Cyprus is still scrambling to put together a palatable bailout deal after members of Parliament rejected the old one because of its provision to tax bank deposits. The new plan will only tax deposits over 100,000 euros. This tax would be more squarely aimed at rich Russians that use Cyprus as a tax haven. The country is also seeking an alternative loan from Russia. Nationalizing pension funds of state companies is also on the table.
The European Central Bank Announced that it will continue to supply Cyprus with emergency liquidity assistance through Monday. If the country hasn't agreed to a bailout by then, the ECB will stop helping.
Jeroen Dijsselbloem, the Dutch finance minister that chaired the committee that designed the unpopular tax, warned members of the European Parliament that Cyprus is "definitely a systemic risk, and the unrest of the last couple of days have proved that, unfortunately." Dijsselbloem also said that it is fairer to only tax the ultra-rich non-residents.
After the Federal Reserve pledged yesterday to keep pumping money into the economy despite recent improvements, stocks are mixed in pre-market trading. Dow
(INDEXDJX:.DJI) futures are up 0.09% at 14,421. S&P 500
(INDEXSP:.INX) futures sank 0.02% to 1,548.80 and Nasdaq
(INDEXNASDAQ:.IXIC) futures fell 0.07% to 2,783.25.
Today is also packed with US economic data. Jobless claims in the US ticked up to 336,000 last week. The four-week moving average of claims for unemployment insurance fell to 339,750 from 346,750.
Later this morning, US flash manufacturing PMI is expected to cool by 0.2 points to 55. (PMI readings above 50 signal expansion.) The Federal Housing Finance Agency is expected to report that home prices rose 0.7% in January. Existing home sales for February is likely to have risen to a seasonally adjusted annualized rate of 5.01 million from 4.92 million.
European shares declined today on the turmoil in Cyprus and lousy economic data. Markit's flash eurozone services and manufacturing PMI showed yet another sign of downturn. The indicator fell to 46.5 this month from 47.9. The index shows that the region's economy is falling faster than economists believed. Germany's growth slowed to 51 from 53.3 and France dropped to a 41.9, its worst reading since 2009.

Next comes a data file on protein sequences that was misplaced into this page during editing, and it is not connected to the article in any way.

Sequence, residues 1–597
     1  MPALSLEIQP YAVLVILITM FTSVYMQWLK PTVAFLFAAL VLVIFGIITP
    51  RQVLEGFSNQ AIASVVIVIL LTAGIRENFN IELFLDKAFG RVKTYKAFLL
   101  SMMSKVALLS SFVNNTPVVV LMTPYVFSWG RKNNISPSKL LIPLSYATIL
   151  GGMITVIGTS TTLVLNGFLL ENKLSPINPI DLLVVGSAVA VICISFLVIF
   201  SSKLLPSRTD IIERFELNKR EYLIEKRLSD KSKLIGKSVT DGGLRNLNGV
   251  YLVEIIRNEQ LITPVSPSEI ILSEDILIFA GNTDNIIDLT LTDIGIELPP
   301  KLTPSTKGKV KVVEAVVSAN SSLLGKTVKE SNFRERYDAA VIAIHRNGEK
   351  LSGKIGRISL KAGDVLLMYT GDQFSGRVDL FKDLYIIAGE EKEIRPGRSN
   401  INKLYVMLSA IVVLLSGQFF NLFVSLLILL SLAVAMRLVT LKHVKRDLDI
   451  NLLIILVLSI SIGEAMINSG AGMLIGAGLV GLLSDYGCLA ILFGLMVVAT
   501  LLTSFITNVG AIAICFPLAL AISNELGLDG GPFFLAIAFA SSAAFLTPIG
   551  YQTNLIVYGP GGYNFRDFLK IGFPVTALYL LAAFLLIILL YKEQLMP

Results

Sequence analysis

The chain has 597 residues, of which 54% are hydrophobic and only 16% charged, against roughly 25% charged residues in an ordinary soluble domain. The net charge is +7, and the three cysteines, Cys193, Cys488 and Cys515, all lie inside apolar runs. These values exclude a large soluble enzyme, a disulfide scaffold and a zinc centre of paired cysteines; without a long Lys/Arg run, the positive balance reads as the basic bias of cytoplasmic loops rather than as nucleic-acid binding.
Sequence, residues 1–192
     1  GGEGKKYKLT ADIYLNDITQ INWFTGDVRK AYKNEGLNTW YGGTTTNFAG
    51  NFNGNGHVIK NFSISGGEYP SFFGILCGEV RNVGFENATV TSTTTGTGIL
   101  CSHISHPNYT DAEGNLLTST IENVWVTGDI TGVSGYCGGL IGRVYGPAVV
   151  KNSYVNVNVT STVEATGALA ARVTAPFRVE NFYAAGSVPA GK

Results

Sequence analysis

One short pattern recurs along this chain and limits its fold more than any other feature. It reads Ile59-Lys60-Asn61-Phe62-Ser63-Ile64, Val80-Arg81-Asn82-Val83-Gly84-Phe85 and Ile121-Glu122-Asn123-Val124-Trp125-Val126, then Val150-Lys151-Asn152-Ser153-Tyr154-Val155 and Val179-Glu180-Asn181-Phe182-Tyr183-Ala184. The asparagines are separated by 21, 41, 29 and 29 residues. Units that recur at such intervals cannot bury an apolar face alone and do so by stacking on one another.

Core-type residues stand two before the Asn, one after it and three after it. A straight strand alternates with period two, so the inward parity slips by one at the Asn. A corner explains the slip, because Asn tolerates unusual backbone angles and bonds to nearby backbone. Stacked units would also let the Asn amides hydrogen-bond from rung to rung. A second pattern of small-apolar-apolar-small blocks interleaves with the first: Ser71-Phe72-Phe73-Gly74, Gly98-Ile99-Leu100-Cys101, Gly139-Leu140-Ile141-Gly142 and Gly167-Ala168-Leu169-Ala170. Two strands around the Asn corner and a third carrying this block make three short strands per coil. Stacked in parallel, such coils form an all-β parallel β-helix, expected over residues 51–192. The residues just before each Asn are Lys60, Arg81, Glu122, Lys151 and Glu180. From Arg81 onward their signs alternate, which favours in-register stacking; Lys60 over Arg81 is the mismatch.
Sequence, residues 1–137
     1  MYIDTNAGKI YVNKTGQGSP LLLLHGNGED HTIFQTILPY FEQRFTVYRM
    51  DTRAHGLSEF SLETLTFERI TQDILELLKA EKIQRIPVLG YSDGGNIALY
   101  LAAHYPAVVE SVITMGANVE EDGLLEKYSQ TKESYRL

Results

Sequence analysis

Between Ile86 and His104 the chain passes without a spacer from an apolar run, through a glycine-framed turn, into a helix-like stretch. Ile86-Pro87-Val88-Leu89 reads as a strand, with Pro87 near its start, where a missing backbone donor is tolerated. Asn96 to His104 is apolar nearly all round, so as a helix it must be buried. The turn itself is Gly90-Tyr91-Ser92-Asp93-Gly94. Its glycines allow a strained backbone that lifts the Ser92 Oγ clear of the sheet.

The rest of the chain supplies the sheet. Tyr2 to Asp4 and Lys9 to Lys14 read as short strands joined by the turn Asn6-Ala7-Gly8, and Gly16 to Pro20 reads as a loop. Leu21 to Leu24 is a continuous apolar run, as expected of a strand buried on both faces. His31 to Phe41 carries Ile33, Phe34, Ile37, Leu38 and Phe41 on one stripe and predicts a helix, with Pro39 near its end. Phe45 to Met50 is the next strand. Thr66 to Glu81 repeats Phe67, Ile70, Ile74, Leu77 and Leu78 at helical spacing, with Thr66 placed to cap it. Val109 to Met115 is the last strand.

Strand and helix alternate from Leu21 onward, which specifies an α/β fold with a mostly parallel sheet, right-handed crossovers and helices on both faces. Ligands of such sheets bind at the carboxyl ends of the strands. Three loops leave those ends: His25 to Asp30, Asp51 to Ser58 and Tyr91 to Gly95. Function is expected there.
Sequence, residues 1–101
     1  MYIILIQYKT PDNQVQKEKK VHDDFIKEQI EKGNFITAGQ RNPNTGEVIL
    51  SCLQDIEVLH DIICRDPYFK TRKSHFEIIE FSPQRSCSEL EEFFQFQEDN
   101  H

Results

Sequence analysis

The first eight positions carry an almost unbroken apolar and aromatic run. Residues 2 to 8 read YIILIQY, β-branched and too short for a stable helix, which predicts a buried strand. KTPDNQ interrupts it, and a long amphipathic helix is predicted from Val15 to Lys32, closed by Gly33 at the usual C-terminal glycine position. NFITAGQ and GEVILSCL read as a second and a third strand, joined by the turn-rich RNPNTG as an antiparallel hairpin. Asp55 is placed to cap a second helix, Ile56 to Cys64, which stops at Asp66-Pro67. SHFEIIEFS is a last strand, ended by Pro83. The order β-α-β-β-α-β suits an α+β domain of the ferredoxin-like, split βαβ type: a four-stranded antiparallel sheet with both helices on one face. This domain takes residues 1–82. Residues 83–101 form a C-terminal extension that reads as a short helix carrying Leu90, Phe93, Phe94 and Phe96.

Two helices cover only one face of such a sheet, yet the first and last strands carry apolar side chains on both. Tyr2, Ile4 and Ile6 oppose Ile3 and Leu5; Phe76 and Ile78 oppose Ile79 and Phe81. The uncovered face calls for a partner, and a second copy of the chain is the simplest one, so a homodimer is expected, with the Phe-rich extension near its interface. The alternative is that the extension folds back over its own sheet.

Asian shares advanced overnight. Despite news that Japanese trade deficit increased, the Nikkei
(INDEXNIKKEI:.NI225) rose 1.34% to its highest level in over four years. Investors are expecting more aggressive easing from the new Bank of Japan head who held a press conference outlining his plans as he took his seat today. Japan's exports fell 2.9% on a yearly basis in February, falling short of expectations of a rise. Imports were 11.9% higher year over year. HSBC's China flash manufacturing PMI blew past expectations to a two-month high of 51.7 from 50.4 last month.
In corporate news, Oracle
(NASDAQ:ORCL) shares fell 7.65% after missing earnings expectations. The enterprise software company earned $0.65 per share excluding some items on sales of $8.97 billion in the fiscal third quarter. Sales fell short as corporate customers transition to cloud-based solutions and buy fewer products. President Safra Katz blamed the salespeople for the weak outcome.
(NASDAQ:YHOO) advanced 1.61% after Oppenheimer analysts upgraded the shares to outperform. They said that they were optimistic about a possible Alibaba.com offering and the value of Yahoo Japan shares that the company owns.
(NASDAQ:GOOG) YouTube passed 1 billion monthly unique visitors.
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